In this post, we look at XOps, the catch all term for the movement of combining different disciplines together with operations.

This is day 6/100 in the 100 Days of DevOps series.

XOps is a general catch all term that describes the adoption of other forms of operations both inside and outside of technology. In this context, DevOps is really just the tip of the iceberg.

DevOps is just the beginning, you can also include BizOps, FinOps, AIOps, and MarketingOps as a start, but the term XOps covers more than just the ones listed here. These are all cross-functional efforts as DevOps is, but do organizations really need all of them, even some of them or is the movement more of a hype?

One thing we can all agree on is that organizations are at their own stage of maturity, the factors for this include their size, age, industry, technical adoption, budgets, and of course culture.

Organizations are increasingly needing the benefits of what these different kind of operation models provide; some organizations will implement as much of them as possible and some will implement what they need and even manipulate the processes and level of adoption to best fit with their organization.

This does not mean that the results will be any different depending on the factors previously mentioned, as with DevOps, what the key element in all of these models have in common is the focus on value, that is something which is unique to each organization.

Where did XOps begin?

Some people believe that XOps is just a hype, one that will blow away and that much of what is proposed is relabeling of what already exists. You can say the same about DevOps as well, but it is the way that practices within DevOps are brought together and not left fragmented that delivers the real value to organizations.

Like DevOps, most of the types of operation models will look at the acceleration of process and improvement of quality when it comes to what they deliver. For example in DataOps, this would be data, and analytical insights into operations performance for AIOps.

Those that believe XOps is overhyped, believe that the risk is that fragmentation is created by the different groups which are involved. This fragmentation further dilutes the faster value that is created and creates a level of extra bureaucracy.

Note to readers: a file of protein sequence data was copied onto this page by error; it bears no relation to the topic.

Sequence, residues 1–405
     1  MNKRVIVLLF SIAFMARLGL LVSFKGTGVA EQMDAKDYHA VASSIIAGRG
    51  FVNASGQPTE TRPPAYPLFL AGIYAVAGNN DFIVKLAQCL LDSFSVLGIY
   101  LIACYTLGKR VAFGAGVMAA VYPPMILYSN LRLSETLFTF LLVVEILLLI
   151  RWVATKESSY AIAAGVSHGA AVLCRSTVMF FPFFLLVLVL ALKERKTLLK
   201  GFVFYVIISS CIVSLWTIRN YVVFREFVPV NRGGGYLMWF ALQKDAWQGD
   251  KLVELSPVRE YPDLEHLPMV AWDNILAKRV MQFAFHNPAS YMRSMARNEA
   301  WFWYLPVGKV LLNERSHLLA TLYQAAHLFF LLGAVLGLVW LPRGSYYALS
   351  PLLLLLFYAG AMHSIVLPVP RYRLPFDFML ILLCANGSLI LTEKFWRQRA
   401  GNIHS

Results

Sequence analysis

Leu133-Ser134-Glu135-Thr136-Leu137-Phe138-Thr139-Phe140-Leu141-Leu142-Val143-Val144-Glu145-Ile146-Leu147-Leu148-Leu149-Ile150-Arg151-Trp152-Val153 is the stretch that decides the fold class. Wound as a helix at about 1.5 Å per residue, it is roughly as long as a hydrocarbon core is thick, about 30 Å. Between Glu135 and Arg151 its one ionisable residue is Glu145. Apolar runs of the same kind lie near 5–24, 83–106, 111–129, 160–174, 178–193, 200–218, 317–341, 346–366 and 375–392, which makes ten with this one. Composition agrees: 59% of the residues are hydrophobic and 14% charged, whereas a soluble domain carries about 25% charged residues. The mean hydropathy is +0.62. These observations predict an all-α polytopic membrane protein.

Agility is at the core of Xops as since the turn of the last millennium, business leaders have been aware that their organizations need to be more agile in order to stay competitive in their industry.

Agile practices which form part of XOps have been around for some time and have surfaced further up the business stack for some time. Sadly, some leaders take the view that agility will equal the ability to do more with less.

How to approach XOps

Let’s look at an example approach to XOps. The objective is to transform what is currently a monolithic application into a microservice architecture. Additionally, the migration process should be automated along with separate environments for production, UAT, and test.

The primary identity should be managed by the DevOps team, this allows you to manage users and groups as well as third party services and applications. This approach advocates collaborative culture.

To further make resources modular, the team generates container-based modules for multiple resources, stacks are then broken down making them scalable and ensuring that deployment is easier.

Maintenance and debugging with this approach become simpler for development teams as well, and automated processes help enhance code quality. Role based access control ensures secure authentication and authorization.

The deployment of centralized systems for logging and monitoring allows views of performance, availability, and security on centralized dashboards. These help provide cost effectiveness and improve the performance of the application.

Up next

In the next post, day 7 in the series, we are looking at implementing DevOps in your organisation.